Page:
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A chess game consists of 3 phases and each phase has different objectives.
- Phase 1: The opening game
- Phase 2: The middle game
- Phase 3: The end game
In each phase there are objectives to consider when making a move – if you do not know which piece to move, then think about the objectives or basic principles of a specific phase! Think King safety during all 3 phases! Not all games move through all 3 phases – sometimes a game ends quickly such as Fool’s Mate or Scholar’s Mate.
Your total planning starts with the opening game and intensifies during the middle game when you execute your plan, but prevent your opponent to execute his or her plan! In the end game the value of each remaining chess piece increases and the players must do everything in their power to hold on to each piece.
Can you name the 3 phases of a chess game? Let’s tackle the first quiz!
Why should you have knowledge about the chess openings?
A chess opening lays the foundation of a chess game. To win a chess game you must start to plan from your very first move – advancing step-by-step! Having knowledge about the openings helps you to decide which move to make first (i.e. where to put your first few pieces) and the positional advantage you want to achieve during the middle game.
To take the game in the direction that you want it to go you have to take the initiative! The more knowledge you have about the openings the better your changes will be to take the initiative! Studying openings gives you ideas how to better respond to your opponent’s moves and how to avoid traps and pitfalls! It also helps you to start with your attacking plan in the middle game!
The main objectives of the opening phase are to develop your pieces, to gain space and to control the centre of the board.
- Develop your pieces efficiently and effectively before you start to attack your opponent’s pieces (do not waste time – bring your pieces to better positions; open the game with a King or Queen pawn to open up lines for your Bishops and your Queen), castle to bring the King to safety; establish a strong pawn structure; make your pieces more mobilised; develop your Bishops and Knights before your Queen (do not develop your Queen early – it is prone to attack)! Get your Rooks connected. See if you can open up a file to your opponent’s King and not vice versa. Do not move the same piece more than once before the development of your pieces are completed. Avoid traps, but surprise your opponent! All your pieces must work together as a team to support one another, especially when you are attacking your opponent’s pieces. Don’t let your pawns become ‘lone islands’! Create threats to your opponent – put your opponent under maximum pressure!
- Gain space (restrict the movement of your opponent’s pieces – “cramp” your opponent’s pieces!)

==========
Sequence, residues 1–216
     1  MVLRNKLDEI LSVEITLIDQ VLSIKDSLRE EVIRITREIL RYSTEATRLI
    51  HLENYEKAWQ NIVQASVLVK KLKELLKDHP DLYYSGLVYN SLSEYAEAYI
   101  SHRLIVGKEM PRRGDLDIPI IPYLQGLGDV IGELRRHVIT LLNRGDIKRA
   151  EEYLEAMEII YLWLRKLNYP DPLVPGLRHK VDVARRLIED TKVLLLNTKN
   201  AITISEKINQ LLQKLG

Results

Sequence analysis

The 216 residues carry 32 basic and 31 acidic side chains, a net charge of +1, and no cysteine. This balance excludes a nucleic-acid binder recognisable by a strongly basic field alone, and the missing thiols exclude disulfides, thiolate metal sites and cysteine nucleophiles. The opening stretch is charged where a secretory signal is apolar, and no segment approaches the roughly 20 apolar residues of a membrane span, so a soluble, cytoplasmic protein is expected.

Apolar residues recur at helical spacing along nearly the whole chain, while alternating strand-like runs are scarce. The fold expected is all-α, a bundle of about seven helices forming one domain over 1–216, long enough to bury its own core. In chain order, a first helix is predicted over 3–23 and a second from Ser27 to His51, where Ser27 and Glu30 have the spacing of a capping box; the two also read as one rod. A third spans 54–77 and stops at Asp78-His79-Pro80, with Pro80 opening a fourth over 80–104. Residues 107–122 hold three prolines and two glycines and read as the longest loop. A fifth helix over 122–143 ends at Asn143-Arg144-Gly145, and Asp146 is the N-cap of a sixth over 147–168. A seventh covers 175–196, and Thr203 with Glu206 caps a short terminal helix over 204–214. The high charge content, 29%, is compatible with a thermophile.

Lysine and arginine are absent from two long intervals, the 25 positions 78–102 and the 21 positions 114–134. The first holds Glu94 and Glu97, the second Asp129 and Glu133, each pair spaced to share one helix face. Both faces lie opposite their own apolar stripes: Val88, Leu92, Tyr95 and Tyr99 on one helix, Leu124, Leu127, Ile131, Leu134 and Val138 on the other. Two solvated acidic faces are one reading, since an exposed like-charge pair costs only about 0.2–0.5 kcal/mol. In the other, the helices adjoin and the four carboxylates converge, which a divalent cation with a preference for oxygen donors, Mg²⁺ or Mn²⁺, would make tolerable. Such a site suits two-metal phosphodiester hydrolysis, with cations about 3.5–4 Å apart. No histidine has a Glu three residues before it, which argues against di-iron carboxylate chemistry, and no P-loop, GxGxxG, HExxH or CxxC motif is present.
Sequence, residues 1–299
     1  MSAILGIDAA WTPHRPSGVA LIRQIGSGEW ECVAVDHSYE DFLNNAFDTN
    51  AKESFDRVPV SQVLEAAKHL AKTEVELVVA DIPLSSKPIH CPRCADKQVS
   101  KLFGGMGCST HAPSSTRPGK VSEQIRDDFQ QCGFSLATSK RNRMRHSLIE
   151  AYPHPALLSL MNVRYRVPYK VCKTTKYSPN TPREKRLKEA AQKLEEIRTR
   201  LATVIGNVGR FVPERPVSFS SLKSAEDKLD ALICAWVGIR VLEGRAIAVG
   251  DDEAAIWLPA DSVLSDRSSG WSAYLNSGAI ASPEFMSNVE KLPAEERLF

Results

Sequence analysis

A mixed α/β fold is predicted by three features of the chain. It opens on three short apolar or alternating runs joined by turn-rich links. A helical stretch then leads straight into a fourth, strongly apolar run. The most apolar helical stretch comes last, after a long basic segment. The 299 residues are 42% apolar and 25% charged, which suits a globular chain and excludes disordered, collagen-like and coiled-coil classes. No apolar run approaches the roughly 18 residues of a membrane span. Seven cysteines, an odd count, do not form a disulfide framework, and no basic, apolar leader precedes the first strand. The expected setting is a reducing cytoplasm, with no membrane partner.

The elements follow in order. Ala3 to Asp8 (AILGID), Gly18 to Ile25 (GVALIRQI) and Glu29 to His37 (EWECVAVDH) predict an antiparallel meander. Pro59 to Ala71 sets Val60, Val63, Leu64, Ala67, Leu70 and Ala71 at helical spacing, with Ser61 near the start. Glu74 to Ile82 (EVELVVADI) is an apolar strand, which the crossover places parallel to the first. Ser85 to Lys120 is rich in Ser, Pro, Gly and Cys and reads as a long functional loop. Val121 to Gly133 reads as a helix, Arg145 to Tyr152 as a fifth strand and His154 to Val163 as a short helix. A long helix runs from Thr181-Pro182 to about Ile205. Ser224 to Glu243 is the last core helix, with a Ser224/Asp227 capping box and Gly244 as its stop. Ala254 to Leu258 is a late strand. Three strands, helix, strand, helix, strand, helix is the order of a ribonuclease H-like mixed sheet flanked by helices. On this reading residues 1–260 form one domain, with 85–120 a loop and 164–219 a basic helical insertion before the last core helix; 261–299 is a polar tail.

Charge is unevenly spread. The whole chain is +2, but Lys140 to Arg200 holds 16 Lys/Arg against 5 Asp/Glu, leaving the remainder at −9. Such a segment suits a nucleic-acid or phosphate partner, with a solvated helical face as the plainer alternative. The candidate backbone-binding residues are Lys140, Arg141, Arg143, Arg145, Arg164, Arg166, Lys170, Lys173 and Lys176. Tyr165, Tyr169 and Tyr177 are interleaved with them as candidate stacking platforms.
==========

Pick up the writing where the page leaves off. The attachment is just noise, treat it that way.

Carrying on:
- Control the centre. Why is control of the centre important? Because the chess pieces control more squares from the centre of the board, i.e. they are placed in a better position to take control of the chess board and the chess pieces also have maximum mobility in the centre (squares d4, d5, e4, e5) (see diagram below). From the centre your pieces can attack or defend easier.
In the examples below we illustrate the importance of centre control versus edge-of-board control. The Knight in the centre of the board controls 8 squares whereas the Knight on the edge of the board controls only 2 squares!
Knight centre control
The Knight on e5 (a centre square) controls 8 squares: d7, c6, c4, d3, f3, g4, g6 and f7.
Knight edge-of-board control
The Knight on a1 (an edge square) controls only 2 squares: b3 and c2!
In the examples below we further illustrate the importance of centre control versus edge-of-board control with a Queen. The Queen in the centre of the board has 8 directions of control whereas the Queen on the edge of the board only has 3 directions of control!
Queen centre control
Queen edge-of-board control
There are many variations of openings. Do not try to learn them all by heart, but rather try to understand the principles behind the openings. Experiment with a few openings and see which ones suit your style best. Study the openings of the chess masters – both those that they won and those that they lost. Study what they did right or wrong.
The opening principles are important to follow. However, if for example the principle says you should not move a piece twice in the opening, but you are in a position where you are going to lose a Bishop then you rather move your Bishop to safety instead of developing a new piece!
Be ready for the middle game! Practise, practise and more practise
As a beginner to chess you can start with the following openings.
1. e4 e5
2. Nf3 Nc6
3. Bc4 Bc5
1. e4 e5
2. Nf3 Nc6
- e4 e5
- Nf3 d6
- e4 e5
- Bc4 Nf6
- d3 c6
- e4 e5
- Nf3 Nc6
- d4 e x d4
- e4 e6
- d4 d5
- e5 c5
- e4 c5
- Nf3 d6
- d4 c x d4
- N x d4 Nf6
- d4 d5
Queen’s Indian Defense
- d4 Nf6
- c4 e6
- Nf3 b6
- d4 Nf6
- c4 g6